projects large and small.
election of the first pope from
the American continent.
We were privileged to have
Pope Benedict address our
conference, and I think his
words apply to each of us
here as well:
A renewed missionary spirit
and zealous generosity in
your commitment will be an
irreplaceable contribution to
what the universal Church
expects and needs from the
Church in America.
In addition to our conference
in Rome, our Guadalupe
Celebration in Los Angeles last
August brought the message
of Our Lady of Guadalupe to
tens of thousands of people.
The City News Service
estimated that 75,000 people
filled the L.A. Memorial
Coliseum for this prayerful
afternoon in the presence of
the relic of St. Juan Diegos
miraculous tilma, or cloak.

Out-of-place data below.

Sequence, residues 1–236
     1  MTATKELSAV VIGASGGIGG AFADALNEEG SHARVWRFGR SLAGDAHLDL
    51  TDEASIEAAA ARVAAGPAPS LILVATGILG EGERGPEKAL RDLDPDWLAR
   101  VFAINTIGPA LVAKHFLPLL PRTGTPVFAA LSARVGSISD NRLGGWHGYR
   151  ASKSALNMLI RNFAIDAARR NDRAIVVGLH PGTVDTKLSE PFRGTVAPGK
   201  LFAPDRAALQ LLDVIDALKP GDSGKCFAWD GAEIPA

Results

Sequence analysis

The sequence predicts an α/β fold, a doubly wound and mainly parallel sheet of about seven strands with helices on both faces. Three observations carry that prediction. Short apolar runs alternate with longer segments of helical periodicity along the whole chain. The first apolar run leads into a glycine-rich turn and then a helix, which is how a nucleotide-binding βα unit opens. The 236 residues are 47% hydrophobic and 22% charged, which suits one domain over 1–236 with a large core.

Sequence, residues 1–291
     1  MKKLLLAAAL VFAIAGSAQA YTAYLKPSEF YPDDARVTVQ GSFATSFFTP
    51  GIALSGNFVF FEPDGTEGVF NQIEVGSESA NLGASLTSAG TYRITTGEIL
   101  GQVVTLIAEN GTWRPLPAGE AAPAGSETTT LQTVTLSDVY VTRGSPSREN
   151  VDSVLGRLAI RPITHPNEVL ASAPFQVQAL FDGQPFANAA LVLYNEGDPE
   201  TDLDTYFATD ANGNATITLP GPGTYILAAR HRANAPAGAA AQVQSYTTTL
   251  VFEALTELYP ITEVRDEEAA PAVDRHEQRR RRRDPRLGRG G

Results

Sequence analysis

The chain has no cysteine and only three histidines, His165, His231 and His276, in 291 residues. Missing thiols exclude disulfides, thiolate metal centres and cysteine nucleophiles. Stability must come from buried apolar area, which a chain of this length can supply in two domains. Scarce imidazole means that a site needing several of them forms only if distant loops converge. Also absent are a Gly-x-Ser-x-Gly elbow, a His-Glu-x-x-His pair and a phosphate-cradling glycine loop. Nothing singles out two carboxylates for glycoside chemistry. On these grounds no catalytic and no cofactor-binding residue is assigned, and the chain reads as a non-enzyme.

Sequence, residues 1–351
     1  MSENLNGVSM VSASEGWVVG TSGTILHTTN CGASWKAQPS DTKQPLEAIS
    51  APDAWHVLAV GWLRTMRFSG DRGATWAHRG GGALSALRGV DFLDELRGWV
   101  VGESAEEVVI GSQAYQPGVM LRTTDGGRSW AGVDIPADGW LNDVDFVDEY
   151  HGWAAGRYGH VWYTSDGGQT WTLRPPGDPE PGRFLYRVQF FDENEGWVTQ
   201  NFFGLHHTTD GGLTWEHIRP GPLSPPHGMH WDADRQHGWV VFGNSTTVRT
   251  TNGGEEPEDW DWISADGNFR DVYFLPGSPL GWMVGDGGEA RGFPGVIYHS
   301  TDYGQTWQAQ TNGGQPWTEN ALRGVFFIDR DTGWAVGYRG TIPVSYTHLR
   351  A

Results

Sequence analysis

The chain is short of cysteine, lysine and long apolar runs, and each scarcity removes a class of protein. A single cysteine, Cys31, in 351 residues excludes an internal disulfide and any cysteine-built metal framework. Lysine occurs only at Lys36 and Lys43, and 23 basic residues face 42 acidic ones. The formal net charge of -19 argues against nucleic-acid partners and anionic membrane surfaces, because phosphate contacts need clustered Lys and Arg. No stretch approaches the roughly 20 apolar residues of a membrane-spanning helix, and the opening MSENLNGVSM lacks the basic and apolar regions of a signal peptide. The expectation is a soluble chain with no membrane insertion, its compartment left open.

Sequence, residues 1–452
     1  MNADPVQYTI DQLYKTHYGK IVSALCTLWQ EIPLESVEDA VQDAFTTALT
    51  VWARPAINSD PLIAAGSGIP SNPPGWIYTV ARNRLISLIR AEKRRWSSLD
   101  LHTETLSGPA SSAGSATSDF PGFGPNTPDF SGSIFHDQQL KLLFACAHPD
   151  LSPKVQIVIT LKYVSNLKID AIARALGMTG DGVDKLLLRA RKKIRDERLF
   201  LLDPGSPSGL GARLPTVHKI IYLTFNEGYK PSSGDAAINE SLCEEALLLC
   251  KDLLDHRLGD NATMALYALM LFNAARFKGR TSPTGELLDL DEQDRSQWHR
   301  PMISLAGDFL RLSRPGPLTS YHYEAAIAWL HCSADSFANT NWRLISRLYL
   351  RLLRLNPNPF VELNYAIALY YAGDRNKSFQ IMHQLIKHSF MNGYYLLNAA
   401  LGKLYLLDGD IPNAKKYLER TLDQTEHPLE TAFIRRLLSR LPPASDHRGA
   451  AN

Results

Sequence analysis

Given to the Archdiocese of
At Council 3338 in Ciudad
Guzmn, Mexico Central,
brother Knights constructed a
walkway, plaza and covered
pavilion in front of the Church
of San Martin. Where rocks
and dirt had been before, they
created something beautiful. In
addition to manpower, Knights
donated 15,000 pesos
(approximately $1,100) toward
the project.
These brother Knights were
far from alone. Overall, Church
donations from local and state
councils totaled $49.5 million,
of which $20 million went to
church facilities, $7.4 million to
Catholic schools, and $5.9
million to direct assistance for
seminarians. Another $1.9
million went to the seminaries
where our future priests
prepare themselves for lives
of service.
Popes John Paul II and
Benedict XVI were both
instrumental in the work of
the Second Vatican Council,
convened by Pope John XXIII
in 1962. It was with the
council as a backdrop that
Pope Francis studied for the
priesthood, and one of the
major documents of the
council was the Pastoral
Constitution on the Church in